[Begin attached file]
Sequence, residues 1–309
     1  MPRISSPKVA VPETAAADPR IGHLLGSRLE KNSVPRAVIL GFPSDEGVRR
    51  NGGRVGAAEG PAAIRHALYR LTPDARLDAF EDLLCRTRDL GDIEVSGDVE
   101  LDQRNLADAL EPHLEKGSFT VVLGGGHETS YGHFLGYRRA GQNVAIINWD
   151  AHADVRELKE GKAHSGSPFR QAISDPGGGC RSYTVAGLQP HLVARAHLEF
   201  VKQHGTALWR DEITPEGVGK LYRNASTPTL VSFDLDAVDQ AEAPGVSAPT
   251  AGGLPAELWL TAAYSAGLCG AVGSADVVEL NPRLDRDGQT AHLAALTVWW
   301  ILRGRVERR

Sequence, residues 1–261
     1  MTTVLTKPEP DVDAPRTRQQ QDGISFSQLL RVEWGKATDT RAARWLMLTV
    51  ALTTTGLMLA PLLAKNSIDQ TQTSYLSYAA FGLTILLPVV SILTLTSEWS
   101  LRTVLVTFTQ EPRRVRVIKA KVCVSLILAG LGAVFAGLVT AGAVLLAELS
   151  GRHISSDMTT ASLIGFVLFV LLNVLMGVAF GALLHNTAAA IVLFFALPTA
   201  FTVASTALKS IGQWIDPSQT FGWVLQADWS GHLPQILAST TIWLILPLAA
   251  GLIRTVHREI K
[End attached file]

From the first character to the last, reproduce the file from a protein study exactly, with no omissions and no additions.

Sequence, residues 1–309
     1  MPRISSPKVA VPETAAADPR IGHLLGSRLE KNSVPRAVIL GFPSDEGVRR
    51  NGGRVGAAEG PAAIRHALYR LTPDARLDAF EDLLCRTRDL GDIEVSGDVE
   101  LDQRNLADAL EPHLEKGSFT VVLGGGHETS YGHFLGYRRA GQNVAIINWD
   151  AHADVRELKE GKAHSGSPFR QAISDPGGGC RSYTVAGLQP HLVARAHLEF
   201  VKQHGTALWR DEITPEGVGK LYRNASTPTL VSFDLDAVDQ AEAPGVSAPT
   251  AGGLPAELWL TAAYSAGLCG AVGSADVVEL NPRLDRDGQT AHLAALTVWW
   301  ILRGRVERR

Sequence, residues 1–261
     1  MTTVLTKPEP DVDAPRTRQQ QDGISFSQLL RVEWGKATDT RAARWLMLTV
    51  ALTTTGLMLA PLLAKNSIDQ TQTSYLSYAA FGLTILLPVV SILTLTSEWS
   101  LRTVLVTFTQ EPRRVRVIKA KVCVSLILAG LGAVFAGLVT AGAVLLAELS
   151  GRHISSDMTT ASLIGFVLFV LLNVLMGVAF GALLHNTAAA IVLFFALPTA
   201  FTVASTALKS IGQWIDPSQT FGWVLQADWS GHLPQILAST TIWLILPLAA
   251  GLIRTVHREI K